Italy Is Failing Its Next Generation

View of the Piazza del Duomo in Milan, Italy, November 24, 2009
View of the Piazza del Duomo in Milan, Italy, November 24, 2009 (Bjørn Giesenbauer)

Italy is creating a lost generation.

Consider the following statistics, some taken from the Financial Times:

  • 30 percent of Italians between the ages of 15 and 24 are out of work, more or less the same rate as in Spain but almost double the eurozone average.
  • Of those in work, the majority are on temporary contracts.
  • Nearly eight out of ten young Italians are in part-time work and unable to find full-time employment, the highest rate by far among large European economies. In France and Spain, it’s about 50 percent.
  • Italy spends far less on tertiary education that its neighbors. The result: only 27 percent of Italians in their thirties have a university degree, the second-lowest rate in the EU, where the average is 40 percent. Italy does especially poorly in educating migrants: just 13 percent of its foreign-born population has completed university against 36 percent in the EU as a whole.
  • Average real incomes are roughly at the level they were in 1995. In France, Germany and Spain, they have grown about 25 percent.
  • 3.2 percent of working-age Italians now live elsewhere in the EU, up from 2.4 percent in 2008. Read more

Conservatives Put Party Before Country. They’ve Harmed Both

Former Spanish prime minister Mariano Rajoy, former British prime minister David Cameron, former London mayor Boris Johnson and American president Donald Trump
Former Spanish prime minister Mariano Rajoy, former British prime minister David Cameron, former London mayor Boris Johnson and American president Donald Trump (La Moncloa/The Prime Minister’s Office/Georgina Coupe/Shutterstock/Nazar Gonchar/Michael Vadon)

Center-right leaders in Britain, Spain and the United States have put the interests of their parties ahead of the good of their countries. Both their parties and their countries have suffered as a result. Read more

Spanish Politicians Need to Come to Grips with Coalition Politics

Spanish party leaders Pablo Iglesias and Pedro Sánchez speak in Madrid, February 5, 2016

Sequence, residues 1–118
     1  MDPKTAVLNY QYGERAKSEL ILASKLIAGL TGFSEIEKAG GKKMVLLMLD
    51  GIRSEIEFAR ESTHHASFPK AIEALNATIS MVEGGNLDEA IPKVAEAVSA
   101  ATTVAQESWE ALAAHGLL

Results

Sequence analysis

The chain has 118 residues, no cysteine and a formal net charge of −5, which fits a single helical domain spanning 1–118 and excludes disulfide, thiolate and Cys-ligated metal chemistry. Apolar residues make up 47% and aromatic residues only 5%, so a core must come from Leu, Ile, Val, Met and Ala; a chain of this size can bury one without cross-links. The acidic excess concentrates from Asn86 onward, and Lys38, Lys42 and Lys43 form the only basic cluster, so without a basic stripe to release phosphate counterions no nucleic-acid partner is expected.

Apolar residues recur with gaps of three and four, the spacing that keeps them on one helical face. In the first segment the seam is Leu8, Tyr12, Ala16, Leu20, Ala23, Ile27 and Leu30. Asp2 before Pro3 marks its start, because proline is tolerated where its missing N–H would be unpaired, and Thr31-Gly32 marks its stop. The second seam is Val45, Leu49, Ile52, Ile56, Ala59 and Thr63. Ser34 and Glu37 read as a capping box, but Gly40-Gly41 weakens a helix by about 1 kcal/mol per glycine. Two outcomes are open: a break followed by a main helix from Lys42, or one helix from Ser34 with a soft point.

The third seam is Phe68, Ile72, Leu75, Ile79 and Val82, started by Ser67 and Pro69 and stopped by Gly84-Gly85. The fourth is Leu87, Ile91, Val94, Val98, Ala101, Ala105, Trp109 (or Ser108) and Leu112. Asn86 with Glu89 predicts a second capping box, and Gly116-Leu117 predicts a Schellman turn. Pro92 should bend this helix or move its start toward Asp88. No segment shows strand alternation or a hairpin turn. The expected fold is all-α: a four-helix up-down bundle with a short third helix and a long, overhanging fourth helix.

Spanish party leaders Pablo Iglesias and Pedro Sánchez speak in Madrid, February 5, 2016 (PSOE)

Spanish politicians are still coming to grips with coalition politics.

Both at the national and the regional level, parties are reluctant to make compromises and blaming each other for making deals with different parties. Read more

Republicans Now Have More in Common with the European Far Right

The skyline of Washington DC at dawn
The skyline of Washington DC at dawn (Shutterstock/Orhan Cam)

Expect plenty of coverage between now and the 2020 election about how Democrats in the United States have moved to the left.

This isn’t wrong. On everything from health care to transgender rights, Democrats have become more left-wing.

But they’re still more centrist than most center-left parties in Europe while Republicans have moved so far to the right that they now have more in common with Austria’s Freedom Party and the Alternative for Germany than they do with Britain’s Conservative Party and Germany’s Christian Democrats. Read more

Spain’s Moment in the Sun

The sun rises in Madrid, Spain, June 14, 2011
The sun rises in Madrid, Spain, June 14, 2011 (Wendy Rauw)

Spain is moving up in Europe.

Italy’s decline and Britain’s imminent exit from the EU have raised its profile by default.

Miguel Otero-Iglesias and Ignacio Molina, both political scientists, write for Politico that Madrid has an opportunity to shape the EU’s agenda for the next five years.

In Pedro Sánchez, Spain has a prime minister who wants to seize that opportunity. His conservative predecessor, Mariano Rajoy, focused more on domestic affairs.

Sánchez’ being the most successful social democratic party in Europe gives him additional leverage. Germany’s Angela Merkel effectively leads the conservative and still-dominant European People’s Party. France’s Emmanuel Macron has allied with the liberals. For the sake of geographical as well as political balance, Sánchez is the logical third person at the table. Read more

What Can Danes Teach Europe’s Social Democrats?

Danish Social Democratic Party leader Mette Frederiksen gives a speech in Allinge-Sandvig on the island of Bornholm, June 16, 2017
Danish Social Democratic Party leader Mette Frederiksen gives a speech in Allinge-Sandvig on the island of Bornholm, June 16, 2017 (News Øresund/Sofie Paisley)

The victory of Denmark’s Social Democrats in the election on Wednesday would some seem to vindicate leader Mette Frederiksen’s lurch to the right. She hardened her party’s policy on immigration and supported such far-right proposals as a ban on prayer rooms in schools and universities.

A closer look at the campaign she ran, as well as the election result, reveals a more nuanced picture. Read more

Far Right Fills Gaps Left by Merkel and Rutte

German chancellor Angela Merkel receives Dutch prime minister Mark Rutte in Berlin, May 16
German chancellor Angela Merkel receives Dutch prime minister Mark Rutte in Berlin, May 16 (Bundesregierung)

Mark Rutte has suffered the same fate as his closest ally in Europe, Angela Merkel. Both center-right leaders moved to the middle in a bid for centrist voters only to leave a gap on the right that the far right has filled.

In midterm elections on Wednesday, the Dutch Freedom Party and Forum for Democracy won a combined 21 percent of the votes, their best result to date.

In Germany, support for the Alternative is down a few points in the polls but still at 11-14 percent. Merkel’s Christian Democrats fell from 41.5 to 33 percent between the 2013 and 2017 elections. Read more